Most of my clients contributed a majority of their savings during their accumulation years to company retirement plans using pre-tax dollars. They now have large 401(k) and IRA account balances. They also have large tax liabilities and onerous required minimum distributions.
I think if you asked each of them if they would go back and make a different decision about using pre-tax dollars into a company retirement plan versus after-tax dollars into a Roth or Roth-like option, they probably would. They would if they understood where taxes are likely to head in the future.
During the working years putting pre-tax dollars into company retirement plans gave them a tax deduction. That was a good thing. Every dollar mattered. What’s interesting, though, about the accumulation years is that it’s the time in life when 1) we already have the most tax deductions and 2) were generally paying a lower historical tax rate. Although paying taxes on the seed (the contribution dollars) during the accumulation years may have seemed a little bit more difficult, I don’t think it would have been terribly onerous. In fact, it would have been a good thing for the following reason… It would have helped them to establish a lower lifestyle to live on.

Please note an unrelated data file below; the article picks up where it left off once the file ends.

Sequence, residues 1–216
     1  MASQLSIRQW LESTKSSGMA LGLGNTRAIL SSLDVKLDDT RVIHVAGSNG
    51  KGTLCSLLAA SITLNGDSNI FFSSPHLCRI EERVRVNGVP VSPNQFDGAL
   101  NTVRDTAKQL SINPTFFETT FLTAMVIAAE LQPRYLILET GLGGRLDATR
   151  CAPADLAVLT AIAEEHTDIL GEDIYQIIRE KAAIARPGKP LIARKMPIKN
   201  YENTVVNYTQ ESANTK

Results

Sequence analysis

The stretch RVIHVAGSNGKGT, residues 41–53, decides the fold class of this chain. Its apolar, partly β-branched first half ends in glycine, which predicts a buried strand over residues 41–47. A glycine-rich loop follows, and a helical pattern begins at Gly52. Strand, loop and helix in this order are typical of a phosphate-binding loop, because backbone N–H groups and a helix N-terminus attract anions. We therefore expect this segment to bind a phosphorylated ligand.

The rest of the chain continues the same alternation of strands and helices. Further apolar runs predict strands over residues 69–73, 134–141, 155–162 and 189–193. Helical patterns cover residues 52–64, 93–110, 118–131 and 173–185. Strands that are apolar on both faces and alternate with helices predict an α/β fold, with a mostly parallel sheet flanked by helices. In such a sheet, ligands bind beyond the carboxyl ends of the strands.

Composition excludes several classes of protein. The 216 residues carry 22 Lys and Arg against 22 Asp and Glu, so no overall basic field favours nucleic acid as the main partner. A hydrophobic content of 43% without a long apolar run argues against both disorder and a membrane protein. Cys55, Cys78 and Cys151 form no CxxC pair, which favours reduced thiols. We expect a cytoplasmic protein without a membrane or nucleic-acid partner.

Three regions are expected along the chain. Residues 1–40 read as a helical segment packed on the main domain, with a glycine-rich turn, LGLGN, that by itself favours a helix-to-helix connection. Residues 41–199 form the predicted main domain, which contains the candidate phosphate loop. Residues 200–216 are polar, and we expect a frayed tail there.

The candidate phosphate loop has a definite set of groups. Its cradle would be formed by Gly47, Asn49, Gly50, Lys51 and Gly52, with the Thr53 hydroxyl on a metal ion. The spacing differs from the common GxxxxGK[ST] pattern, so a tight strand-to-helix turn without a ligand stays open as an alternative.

Here’s what I mean… In the situation of making payments into company retirement plans with pre-tax dollars, I pay less in taxes. If I pay lower taxes, I get more take-home pay. If I get more take-home pay, I spend more take-home pay on my lifestyle. In essence a higher take-home pay establishes a higher lifestyle in the long term.. (I do NOT buy the philosophy that people take their reduced taxes due to saving in their company retirement plan to save more …they use the tax savings to spend more)
On the other hand, If I take after-tax dollars and save them for retirement, I have less take-home pay to live on. Having less take-home pay to live on establishes a lower lifestyle long term.
This is the reality of a paycheck… We live on the net. If that changes up or down, we increase or decrease our lifestyle.
But here’s the real pay off of using after tax dollars to save instead of pre-tax… If I get to retirement and don’t have to pay taxes on my withdrawals, I have a double win.
The first win is that I already developed a lower lifestyle expense by saving after-tax dollars. This carries me into retirement having lower living expenses.
The second win is that I now get all my retirement money tax-free and it doesn’t show up on my tax return as income. This means that all my Social Security benefits are tax free as well.
Maybe it is too late for you to change the pre-tax, after-tax savings decision. But you still can tell someone starting out toward retirement.
If you have any questions please feel free to contact me.